Minority Mental Health Awareness Month
July marks Minority Mental Health Awareness Month. Mental issues are common -- more than 1 in 5 US adults live with a mental illness. Mental health issues are treatable and often preventable, but not everyone has access to the resources they need. People in some racial and ethnic minority groups face more challenges than others getting mental health care. This can be due to many different reasons, such as lack of financial resources and barriers to accessing adequate health insurance. Stigma or negative ideas about mental health care may also prevent people from seeking mental health services.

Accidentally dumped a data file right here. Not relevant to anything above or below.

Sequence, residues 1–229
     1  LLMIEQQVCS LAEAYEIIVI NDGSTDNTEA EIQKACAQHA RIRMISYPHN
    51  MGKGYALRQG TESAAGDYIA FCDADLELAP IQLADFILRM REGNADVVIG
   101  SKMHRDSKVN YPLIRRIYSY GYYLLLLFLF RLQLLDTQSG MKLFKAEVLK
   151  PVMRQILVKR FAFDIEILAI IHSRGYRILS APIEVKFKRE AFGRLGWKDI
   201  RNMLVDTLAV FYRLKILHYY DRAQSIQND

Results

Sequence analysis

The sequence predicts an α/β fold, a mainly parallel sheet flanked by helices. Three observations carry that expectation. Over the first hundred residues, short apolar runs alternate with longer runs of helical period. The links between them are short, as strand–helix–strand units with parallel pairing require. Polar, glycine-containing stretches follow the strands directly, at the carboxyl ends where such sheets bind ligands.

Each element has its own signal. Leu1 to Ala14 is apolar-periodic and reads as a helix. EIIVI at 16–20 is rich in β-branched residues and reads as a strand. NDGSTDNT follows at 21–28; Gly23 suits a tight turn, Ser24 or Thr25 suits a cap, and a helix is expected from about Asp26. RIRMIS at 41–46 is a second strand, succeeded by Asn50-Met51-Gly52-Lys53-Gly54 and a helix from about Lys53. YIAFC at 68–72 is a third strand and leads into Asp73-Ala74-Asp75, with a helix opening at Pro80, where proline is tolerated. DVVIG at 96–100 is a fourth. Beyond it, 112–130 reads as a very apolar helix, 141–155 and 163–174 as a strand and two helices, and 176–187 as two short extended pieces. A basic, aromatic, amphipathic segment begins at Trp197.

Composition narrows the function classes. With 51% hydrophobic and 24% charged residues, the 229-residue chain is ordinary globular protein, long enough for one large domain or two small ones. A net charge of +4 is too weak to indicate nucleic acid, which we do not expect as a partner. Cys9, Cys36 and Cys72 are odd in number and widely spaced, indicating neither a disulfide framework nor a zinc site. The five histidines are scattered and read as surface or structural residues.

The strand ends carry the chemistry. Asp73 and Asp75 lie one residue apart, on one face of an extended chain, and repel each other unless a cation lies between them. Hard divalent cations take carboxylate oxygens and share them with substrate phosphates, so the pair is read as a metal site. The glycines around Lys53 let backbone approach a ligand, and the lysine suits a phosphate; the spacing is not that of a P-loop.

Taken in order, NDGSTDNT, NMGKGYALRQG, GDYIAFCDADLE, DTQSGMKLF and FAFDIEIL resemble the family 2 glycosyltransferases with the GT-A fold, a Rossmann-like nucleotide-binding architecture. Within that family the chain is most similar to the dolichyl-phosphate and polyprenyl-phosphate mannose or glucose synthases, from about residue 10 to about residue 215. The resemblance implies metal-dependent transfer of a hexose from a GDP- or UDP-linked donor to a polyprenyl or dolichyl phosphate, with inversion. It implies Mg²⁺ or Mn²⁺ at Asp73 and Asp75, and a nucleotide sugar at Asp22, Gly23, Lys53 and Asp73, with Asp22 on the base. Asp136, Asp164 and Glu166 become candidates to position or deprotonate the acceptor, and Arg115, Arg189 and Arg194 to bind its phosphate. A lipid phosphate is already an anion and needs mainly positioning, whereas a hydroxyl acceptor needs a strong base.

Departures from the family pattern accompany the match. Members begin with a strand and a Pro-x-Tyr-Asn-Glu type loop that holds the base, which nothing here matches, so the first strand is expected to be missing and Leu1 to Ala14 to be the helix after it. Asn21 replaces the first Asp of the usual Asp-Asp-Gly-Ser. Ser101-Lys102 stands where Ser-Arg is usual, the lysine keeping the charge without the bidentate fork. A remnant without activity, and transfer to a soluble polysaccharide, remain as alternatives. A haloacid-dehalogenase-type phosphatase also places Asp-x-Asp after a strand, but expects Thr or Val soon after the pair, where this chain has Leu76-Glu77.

There are also environmental factors that impact mental health and wellness. Poverty certainly limits access to mental healthcare. Poverty can also be a source of trauma, as can experiencing or witnessing racial discrimination and racial violence.
During this month, I challenge you to find ideas for helping minority populations with mental health challenges and to educate yourself on topics such as:
Using non-stigmatizing language
Knowing about community resources
Understanding implicit bias and microaggressions
Self-care, including coping with loss and stress management.
For more information, please visit the Department of Health and Human Services, Office of Minority Heath at National Minority Mental Health Awareness Month.